[linux-elitists] MS Secure Audio Path Model/MS DRM OS Patent

Ruben Safir ruben@mrbrklyn.com
Wed Jan 2 20:50:22 PST 2002

>From nyfairuse -----

On 2002.01.02 23:34:29 -0500 Seth Johnson wrote:

(Adam Warner forwarded the following link [watch the word
wrap], with a discussion of the ramifications of MS's Secure
Audio Path technology and DRM OS patent.  What strikes me in
particular about this development is that whereas I had been
suspecting that all the recent talk of "security" would
translate into content control, that connection has already
been implemented in the recent MS OS releases. -- Seth)


(Following are the first two posts in the thread:)

From: Adam Warner (usenet@consulting.net.nz)
Date: 2001-12-11 02:18:23 PST 


I've just been familiarising myself with this. Basically
it's designed to allow content producers to stop anyone
having access to an unencrypted audio stream. You almost
certainly couldn't achieve this on an open source operating
system (no access to /dev/dsp?[1]) so it's very interesting
to see the lengths Microsoft is going to make this a reality
under Windows.

You may not be aware that every audio driver included with
Windows XP and Windows ME are Secure Audio Path signed and
certified by Microsoft (I'd forgotten about that after
reading about it in a Wired article a while ago that was
concerned about the power this could give to Microsoft).

   Drivers included with Windows Millennium Edition and
Windows XP are certified as SAP-compliant.

This kind of driver design--where you ultimately encrypt
content all the way to the low level sound card drivers
themselves--indicates to me that Microsoft's talk about
shared source has very little in common with open source.
The level of control being implemented here is
extraordinary. If you look at the SAP model from the link
you'll see the content only becomes unencrypted at the
kernel and system level (there's a small exception to
provide very poor quality sound to manipulate for visual
display[2]). Apps like a graphic equaliser will not work[3].
You don't want anyone else having the ability to manipulate
kernel/system level functionality. And I suspect you'd want
binary only audio drivers as well.

I thought I'd share a funny quirk about the implementation.
One part of the implementation is a Driver Security Level:

   Driver Security Level

   Each SAP-compliant audio driver has a security level and
content owners can specify the minimum security level a
driver must have to play their packaged files.

Well if you click on the "Next" link you'll see the current
definition of these security levels. That's right. Content
can be prohibited from running on Windows ME (that will run
on Windows XP) by setting a required security level greater
than 1100!


[1] It would at least require high levels of developer
complicity. And when you see the lengths Andre Hedrick
(Linux IDE guru) when to in fighting CPRM such levels of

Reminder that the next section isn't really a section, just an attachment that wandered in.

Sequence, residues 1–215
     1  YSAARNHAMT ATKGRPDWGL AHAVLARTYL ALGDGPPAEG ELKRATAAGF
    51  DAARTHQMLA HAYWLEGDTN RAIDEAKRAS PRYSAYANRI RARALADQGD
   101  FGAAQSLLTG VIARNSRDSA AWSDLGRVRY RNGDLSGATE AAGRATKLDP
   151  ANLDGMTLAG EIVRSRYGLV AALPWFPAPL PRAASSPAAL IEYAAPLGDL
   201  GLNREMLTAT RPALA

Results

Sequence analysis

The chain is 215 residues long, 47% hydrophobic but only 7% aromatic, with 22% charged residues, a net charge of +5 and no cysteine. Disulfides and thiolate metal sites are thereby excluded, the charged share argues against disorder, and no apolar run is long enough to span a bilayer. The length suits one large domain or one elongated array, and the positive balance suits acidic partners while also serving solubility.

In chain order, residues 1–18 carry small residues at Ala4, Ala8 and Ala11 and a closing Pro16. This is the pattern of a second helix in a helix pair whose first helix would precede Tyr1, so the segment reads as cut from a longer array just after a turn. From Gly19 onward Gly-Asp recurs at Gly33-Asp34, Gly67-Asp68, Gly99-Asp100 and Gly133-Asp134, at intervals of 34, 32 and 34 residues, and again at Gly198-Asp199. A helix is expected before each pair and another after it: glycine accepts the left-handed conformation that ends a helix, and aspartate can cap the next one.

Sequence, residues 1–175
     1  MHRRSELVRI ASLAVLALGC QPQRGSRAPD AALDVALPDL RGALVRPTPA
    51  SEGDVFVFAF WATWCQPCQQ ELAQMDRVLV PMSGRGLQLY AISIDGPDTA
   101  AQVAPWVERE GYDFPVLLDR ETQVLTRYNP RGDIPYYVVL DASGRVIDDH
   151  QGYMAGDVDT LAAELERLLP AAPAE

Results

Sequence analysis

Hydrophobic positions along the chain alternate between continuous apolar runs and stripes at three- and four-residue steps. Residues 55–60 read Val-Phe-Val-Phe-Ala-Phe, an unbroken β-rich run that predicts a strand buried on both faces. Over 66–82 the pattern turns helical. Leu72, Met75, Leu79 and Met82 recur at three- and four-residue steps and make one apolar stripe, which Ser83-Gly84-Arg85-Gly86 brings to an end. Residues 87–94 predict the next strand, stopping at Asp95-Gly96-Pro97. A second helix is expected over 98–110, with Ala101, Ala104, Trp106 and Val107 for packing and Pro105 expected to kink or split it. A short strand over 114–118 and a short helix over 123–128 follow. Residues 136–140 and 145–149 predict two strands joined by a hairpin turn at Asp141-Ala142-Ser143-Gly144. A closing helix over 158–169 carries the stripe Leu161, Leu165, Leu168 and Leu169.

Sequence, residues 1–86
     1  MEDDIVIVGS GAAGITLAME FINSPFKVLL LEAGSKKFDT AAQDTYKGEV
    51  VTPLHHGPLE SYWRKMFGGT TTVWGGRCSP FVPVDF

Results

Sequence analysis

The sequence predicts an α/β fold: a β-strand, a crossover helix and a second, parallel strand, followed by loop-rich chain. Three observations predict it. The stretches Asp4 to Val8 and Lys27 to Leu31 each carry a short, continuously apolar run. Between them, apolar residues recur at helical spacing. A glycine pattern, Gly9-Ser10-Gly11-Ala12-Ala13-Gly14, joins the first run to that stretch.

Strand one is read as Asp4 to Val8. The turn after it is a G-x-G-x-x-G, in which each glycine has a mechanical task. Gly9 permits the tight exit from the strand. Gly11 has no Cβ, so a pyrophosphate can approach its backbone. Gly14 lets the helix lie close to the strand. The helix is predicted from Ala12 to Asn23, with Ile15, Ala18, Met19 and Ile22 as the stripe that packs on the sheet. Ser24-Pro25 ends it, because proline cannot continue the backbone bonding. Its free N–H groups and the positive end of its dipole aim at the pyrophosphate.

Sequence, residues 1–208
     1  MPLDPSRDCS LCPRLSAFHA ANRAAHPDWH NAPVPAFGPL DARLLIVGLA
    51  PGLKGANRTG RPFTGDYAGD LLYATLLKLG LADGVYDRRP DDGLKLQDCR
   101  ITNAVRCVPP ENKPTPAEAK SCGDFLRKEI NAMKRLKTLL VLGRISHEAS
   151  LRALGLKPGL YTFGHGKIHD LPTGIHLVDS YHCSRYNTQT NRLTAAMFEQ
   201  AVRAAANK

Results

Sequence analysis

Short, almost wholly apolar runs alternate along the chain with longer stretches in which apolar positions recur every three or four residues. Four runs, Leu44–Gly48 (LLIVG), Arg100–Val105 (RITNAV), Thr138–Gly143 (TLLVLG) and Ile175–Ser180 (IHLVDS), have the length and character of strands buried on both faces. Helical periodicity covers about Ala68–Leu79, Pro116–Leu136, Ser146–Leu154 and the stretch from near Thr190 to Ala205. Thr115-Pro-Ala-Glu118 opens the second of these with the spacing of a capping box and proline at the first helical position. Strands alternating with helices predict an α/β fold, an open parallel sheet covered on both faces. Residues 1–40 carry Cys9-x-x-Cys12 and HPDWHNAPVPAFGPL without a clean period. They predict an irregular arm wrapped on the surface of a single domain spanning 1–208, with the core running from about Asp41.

support would be unlikely.


Linux Journal appears to be down right now. This is the
Google cache of the Q&A:

[2] Some applications are used to view a music signal. For
example, some applications display flashing lights in time
with the music signal, but do not modify it. To accommodate
the use of such applications, a small part of the music is
decrypted and passed in clear form with the encrypted
content. The resulting signal is very poor (worse than
telephone quality) but suffices for applications used to
view signals.

[3] In the Secure Audio Path model, applications cannot be
used to modify packaged music in any way. For example, when
an application is used to intercept a music signal, the
signal sounds like random noise. As a result, applications
used to modify signals (such as an equalizer) cannot change
the sound of the music.

From: Adam Warner (usenet@consulting.net.nz)
Date: 2001-12-13 13:18:24 PST 

My discussion of this was timely. It became widely known
today that Microsoft have secured a patent on a Digital
Rights Management Operating System:


Covered here:

An observant person noted this in the description:

   A fundamental building block for client-side content
security is a secure operating system. If a computer can be
booted only into an operating system that itself honors
content rights, and allows only compliant applications to
access rights-restricted data, then data integrity within
the machine can be assured. This stepping-stone to a secure
operating system is sometimes called "Secure Boot." If
secure boot cannot be assured, then whatever rights
management system the secure OS provides, the computer can
always be booted into an insecure operating system as a step
to compromise it.

Imagine if current computer hardware was redesigned so that
it could only boot a (Microsoft) Digital Rights Management
Operating System.


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